Following an intervention by the Vatican, Germany’s oldest diocese has put on hold plans to reduce its number of parishes from almost 900 to 35.
The planned reorganisation of the Diocese of Trier, the result of a local synodal process, was scheduled to begin on January 1, 2020.
On November 20, Bishop Stephan Ackermann of Trier published decrees towards dissolving the existing parish structure by enacting a “Law for the Implementation of the Results of the Diocesan Synod 2013-2016”.
The next day, the Vatican stepped in.
The Congregation for Clergy announced it was suspending the implementation “so that the Pontifical Council for Legislative Texts can carry out a careful review and examination of the Law”.
The Congregation decided to intervene after a priestly community called Unio Apostolica filed a complaint with the Vatican – and several lay people requested that the Pontifical Council for Legislative Texts assess whether the planned changes in Trier were compliant with canon law.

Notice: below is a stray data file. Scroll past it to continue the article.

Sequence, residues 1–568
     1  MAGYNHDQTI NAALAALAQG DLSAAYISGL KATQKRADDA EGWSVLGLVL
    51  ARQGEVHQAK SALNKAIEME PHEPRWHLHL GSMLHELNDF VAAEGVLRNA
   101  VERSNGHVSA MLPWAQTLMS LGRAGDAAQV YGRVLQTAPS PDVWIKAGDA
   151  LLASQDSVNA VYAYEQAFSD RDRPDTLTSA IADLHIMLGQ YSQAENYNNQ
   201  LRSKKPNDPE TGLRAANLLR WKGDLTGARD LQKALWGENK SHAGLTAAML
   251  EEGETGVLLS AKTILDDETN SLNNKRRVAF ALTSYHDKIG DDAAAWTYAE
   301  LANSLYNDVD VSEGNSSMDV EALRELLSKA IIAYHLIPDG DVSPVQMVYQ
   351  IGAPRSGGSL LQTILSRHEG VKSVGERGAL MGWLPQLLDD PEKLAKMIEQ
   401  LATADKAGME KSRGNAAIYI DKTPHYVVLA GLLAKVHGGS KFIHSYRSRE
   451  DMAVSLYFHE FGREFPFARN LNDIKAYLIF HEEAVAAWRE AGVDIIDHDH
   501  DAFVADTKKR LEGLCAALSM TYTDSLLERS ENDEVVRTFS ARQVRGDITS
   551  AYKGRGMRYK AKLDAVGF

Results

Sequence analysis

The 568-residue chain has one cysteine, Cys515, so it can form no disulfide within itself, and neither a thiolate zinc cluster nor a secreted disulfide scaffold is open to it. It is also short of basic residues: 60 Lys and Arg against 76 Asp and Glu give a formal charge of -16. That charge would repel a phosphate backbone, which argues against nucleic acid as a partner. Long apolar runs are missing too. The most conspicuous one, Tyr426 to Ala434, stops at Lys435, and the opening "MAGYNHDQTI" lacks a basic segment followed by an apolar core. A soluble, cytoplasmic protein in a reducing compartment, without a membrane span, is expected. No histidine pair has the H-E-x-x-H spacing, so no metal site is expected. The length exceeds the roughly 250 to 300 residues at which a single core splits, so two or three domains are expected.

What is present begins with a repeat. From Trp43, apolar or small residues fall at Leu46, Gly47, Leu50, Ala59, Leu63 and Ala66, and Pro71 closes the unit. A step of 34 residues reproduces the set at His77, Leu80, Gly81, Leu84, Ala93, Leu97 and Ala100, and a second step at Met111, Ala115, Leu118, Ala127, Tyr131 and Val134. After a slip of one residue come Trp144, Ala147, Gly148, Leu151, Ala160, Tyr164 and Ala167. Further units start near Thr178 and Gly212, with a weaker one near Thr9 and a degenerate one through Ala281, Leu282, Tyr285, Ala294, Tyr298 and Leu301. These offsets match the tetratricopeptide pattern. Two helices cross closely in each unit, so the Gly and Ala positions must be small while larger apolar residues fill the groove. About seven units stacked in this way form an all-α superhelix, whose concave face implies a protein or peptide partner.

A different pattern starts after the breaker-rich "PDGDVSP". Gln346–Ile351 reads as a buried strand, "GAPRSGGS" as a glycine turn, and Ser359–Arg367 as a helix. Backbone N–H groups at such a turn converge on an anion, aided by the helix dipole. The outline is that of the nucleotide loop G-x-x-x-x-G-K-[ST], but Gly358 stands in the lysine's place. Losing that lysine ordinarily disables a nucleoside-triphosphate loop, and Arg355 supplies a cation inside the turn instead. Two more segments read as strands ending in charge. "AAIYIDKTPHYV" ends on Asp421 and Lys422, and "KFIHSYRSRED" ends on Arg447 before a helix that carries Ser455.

While the number of parishes facing closure is alarming – and the decline they betray indicative of the crisis of the Catholic Church in Germany – it is how the bishop is tackling the challenge that has worried many priests and parishioners.
Voicing “concerns for the salvation of souls”, Fr Peter Leick of Unio Apostolica cautioned against a “decoupling of priestly ordination and pastoral ministry” in the proposed 35 “mega parishes”, where “pastoral leadership teams” would take on many of the roles of a parish priest.
In a letter published last Saturday afternoon and read from pulpits on the First Sunday of Advent, Bishop Ackermann expressed his “conviction that the path taken with the synod … is a good path into the future”. He asked “everyone angered and disappointed by the decision from Rome” to “persevere in their motivation … in the spirit of the synod”, while awaiting the outcome of the assessment by the Vatican.